Today, the building stands back embedded among taller office buildings and busy traffic routes. The tower was added on to the foundation in 1915, and when the customs officials moved to another building, it was sold to Marriott Hotels.
Free tours are available by appointment and include a trip to the 26th-floor open-air observation balcony and the Rotunda Museum. It's open 10:00 am–4:00 pm daily, except Saturdays.
10. Massachusetts Historical Society (Back Bay)
The Massachusetts Historical Society collects, preserves and makes available to the public manuscripts and artifacts related to the state. The society has a large collection of papers and letters from historical figures and politicians from Massachusetts.
They also publish books and loan their materials to other museums and libraries. They hold numerous seminars and weekly tours, all of which are open to the public and (of course) free.
11. MIT Campus Tour (Cambridge)
The Massachusetts Institute of Technology campus in Cambridge is spread out over a huge area and encompasses unusual architectural styles, art collections and a crazy numbering scheme for its buildings. Wait . . . let me be fair. I'm sure it makes sense to MIT students, but to the average visitor, it's a challenge.
There are two ways of touring the campus: self-guided and organized. Campus tours depart from the lobby of Building 7, located at 77 Massachusetts Avenue (though this is the address of every building), and generally last 75–90 minutes. They are offered at 11:00 am and 3:00 pm Monday–Friday.
You can pick up a map for a self-guided tour at the Information Center Room 7-121, which means Building 7, First Floor, Room 121. And Building 7 is located at 77 Massachusetts Avenue . . . on second thought, just ask a student for directions.
12. New England Aquarium (Central Wharf)
In the summer school vacation months, this place is better described as a "zoo" rather than an aquarium. Just kidding. But it does get mobbed with families on vacation, and it continues to be one of the most popular attractions in Boston.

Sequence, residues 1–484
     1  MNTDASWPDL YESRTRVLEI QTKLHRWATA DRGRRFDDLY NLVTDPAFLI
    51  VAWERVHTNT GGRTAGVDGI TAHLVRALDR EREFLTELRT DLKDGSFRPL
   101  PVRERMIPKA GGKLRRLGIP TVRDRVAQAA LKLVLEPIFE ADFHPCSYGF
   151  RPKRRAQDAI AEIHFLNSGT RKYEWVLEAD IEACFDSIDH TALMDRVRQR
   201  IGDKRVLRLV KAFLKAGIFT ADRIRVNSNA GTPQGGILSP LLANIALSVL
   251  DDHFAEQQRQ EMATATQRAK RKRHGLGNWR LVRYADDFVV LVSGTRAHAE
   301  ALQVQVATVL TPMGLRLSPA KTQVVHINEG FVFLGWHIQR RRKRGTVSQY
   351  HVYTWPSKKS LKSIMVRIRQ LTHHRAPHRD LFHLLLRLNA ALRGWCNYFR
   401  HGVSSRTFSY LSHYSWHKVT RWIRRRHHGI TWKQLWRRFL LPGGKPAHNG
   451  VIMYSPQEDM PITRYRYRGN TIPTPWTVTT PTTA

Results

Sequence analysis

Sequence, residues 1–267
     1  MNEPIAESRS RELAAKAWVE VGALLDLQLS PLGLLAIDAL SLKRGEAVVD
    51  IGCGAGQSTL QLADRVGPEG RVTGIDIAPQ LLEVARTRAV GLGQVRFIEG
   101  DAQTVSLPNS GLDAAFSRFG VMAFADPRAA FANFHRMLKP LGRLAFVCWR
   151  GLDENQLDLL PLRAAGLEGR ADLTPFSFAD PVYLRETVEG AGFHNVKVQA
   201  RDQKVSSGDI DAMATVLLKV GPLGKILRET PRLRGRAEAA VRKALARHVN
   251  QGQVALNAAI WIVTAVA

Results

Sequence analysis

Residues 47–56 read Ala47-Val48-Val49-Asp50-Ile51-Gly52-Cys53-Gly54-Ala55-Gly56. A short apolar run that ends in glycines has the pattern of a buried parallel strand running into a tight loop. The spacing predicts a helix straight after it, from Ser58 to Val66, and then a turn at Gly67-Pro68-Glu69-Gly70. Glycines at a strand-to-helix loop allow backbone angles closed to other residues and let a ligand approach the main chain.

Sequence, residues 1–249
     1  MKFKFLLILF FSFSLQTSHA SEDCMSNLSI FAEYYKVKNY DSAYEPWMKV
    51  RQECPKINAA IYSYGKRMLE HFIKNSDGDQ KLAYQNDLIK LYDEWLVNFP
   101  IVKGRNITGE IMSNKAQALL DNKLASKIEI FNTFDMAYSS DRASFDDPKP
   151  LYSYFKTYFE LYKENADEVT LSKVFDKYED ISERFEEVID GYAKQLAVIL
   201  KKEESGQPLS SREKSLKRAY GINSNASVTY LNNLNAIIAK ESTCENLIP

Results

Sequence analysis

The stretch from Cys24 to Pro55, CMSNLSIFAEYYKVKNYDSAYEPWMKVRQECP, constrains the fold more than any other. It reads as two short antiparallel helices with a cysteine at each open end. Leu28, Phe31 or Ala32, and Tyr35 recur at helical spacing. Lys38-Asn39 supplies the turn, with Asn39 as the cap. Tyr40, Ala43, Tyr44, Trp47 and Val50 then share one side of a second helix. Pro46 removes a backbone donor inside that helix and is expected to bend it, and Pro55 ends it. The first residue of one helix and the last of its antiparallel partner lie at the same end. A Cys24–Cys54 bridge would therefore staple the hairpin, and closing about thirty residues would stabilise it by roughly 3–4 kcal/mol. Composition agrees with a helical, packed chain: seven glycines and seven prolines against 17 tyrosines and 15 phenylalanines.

The New England Aquarium is also one of my favorites because I love the familiar things like the massive ocean tank with its sharks and giant turtles swimming around together, but I also enjoy the new exhibits that revolve in and out.
The Aquarium is involved in whale conservation programs and conducts whale watch cruises during the season, though an extra fee is required. Free tickets for general admission are available from the Boston Public Library free ticket program. These free passes will admit up to four people from September–June and do not include admission to the IMAX Theater.
13. Free Lunch at Quincy Market (Haymarket)
Quincy Market is the place to eat at lunchtime in Boston. Don't argue. Just go there. You can book a table at your favorite Italian restaurant in the North End in the evening, but at noon, Quincy Market is where it's at.
In one long building are hundreds and hundreds of food stalls ranging from . . . ah forget it, just go. But wait a minute, you say. Food is not free, right? Well, every Wednesday, Quincy Market has their International Food Festival where you can sample foods for free at stalls bearing "The Taste of Quincy Market." Sure, they're not going to feed you a heaping plate of food, but sample enough from the variety of offers, and it'll keep you going until snack time.
14. Stargaze at Coit Observatory (Boston University)
Looking for a heavenly experience after an early dinner on a cloudless Wednesday evening? Take yourself and your family over to Boston University's Coit Observatory, where you can do a spot of stargazing through their telescopes and binoculars.
This is definitely one of those "weather permitting" activities, but it is available most of the year and begins after 7:30 pm. In the spring and summer, you can come after 8:30 pm. The public stargazing lasts for about one hour. Call 617-353-2630 ahead of time to confirm the free gaze is on for the night. Boston's weather is unpredictable, after all. Bring a sweater or coat too, since it's an outdoor event.
15. Get Lost in a Museum (Citywide)
I grew up in London, where most museums were free to visit. So when I came to Boston and found I had to pay for a museum, I was a little perplexed. After all, didn't they build the museums and purchase the artifacts with donations and taxpayer's dollars?